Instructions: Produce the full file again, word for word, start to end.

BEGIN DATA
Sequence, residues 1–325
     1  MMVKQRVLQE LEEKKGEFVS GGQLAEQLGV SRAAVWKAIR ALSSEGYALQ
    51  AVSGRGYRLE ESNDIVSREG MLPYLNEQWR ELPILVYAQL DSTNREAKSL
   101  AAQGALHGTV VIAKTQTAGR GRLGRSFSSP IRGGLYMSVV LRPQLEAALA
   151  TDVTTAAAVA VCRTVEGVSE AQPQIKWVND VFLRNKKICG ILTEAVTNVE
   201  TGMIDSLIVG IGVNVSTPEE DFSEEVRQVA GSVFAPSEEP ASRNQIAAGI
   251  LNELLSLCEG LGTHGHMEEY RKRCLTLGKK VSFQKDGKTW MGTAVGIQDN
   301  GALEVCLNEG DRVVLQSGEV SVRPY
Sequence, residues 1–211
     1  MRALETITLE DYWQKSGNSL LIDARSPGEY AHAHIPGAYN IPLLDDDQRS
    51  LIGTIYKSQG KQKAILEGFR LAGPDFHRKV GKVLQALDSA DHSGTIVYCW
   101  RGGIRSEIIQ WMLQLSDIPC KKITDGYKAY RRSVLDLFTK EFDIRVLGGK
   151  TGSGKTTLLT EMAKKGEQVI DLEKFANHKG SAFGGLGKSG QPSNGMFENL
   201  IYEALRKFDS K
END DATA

Sequence, residues 1–325
     1  MMVKQRVLQE LEEKKGEFVS GGQLAEQLGV SRAAVWKAIR ALSSEGYALQ
    51  AVSGRGYRLE ESNDIVSREG MLPYLNEQWR ELPILVYAQL DSTNREAKSL
   101  AAQGALHGTV VIAKTQTAGR GRLGRSFSSP IRGGLYMSVV LRPQLEAALA
   151  TDVTTAAAVA VCRTVEGVSE AQPQIKWVND VFLRNKKICG ILTEAVTNVE
   201  TGMIDSLIVG IGVNVSTPEE DFSEEVRQVA GSVFAPSEEP ASRNQIAAGI
   251  LNELLSLCEG LGTHGHMEEY RKRCLTLGKK VSFQKDGKTW MGTAVGIQDN
   301  GALEVCLNEG DRVVLQSGEV SVRPY
Sequence, residues 1–211
     1  MRALETITLE DYWQKSGNSL LIDARSPGEY AHAHIPGAYN IPLLDDDQRS
    51  LIGTIYKSQG KQKAILEGFR LAGPDFHRKV GKVLQALDSA DHSGTIVYCW
   101  RGGIRSEIIQ WMLQLSDIPC KKITDGYKAY RRSVLDLFTK EFDIRVLGGK
   151  TGSGKTTLLT EMAKKGEQVI DLEKFANHKG SAFGGLGKSG QPSNGMFENL
   201  IYEALRKFDS K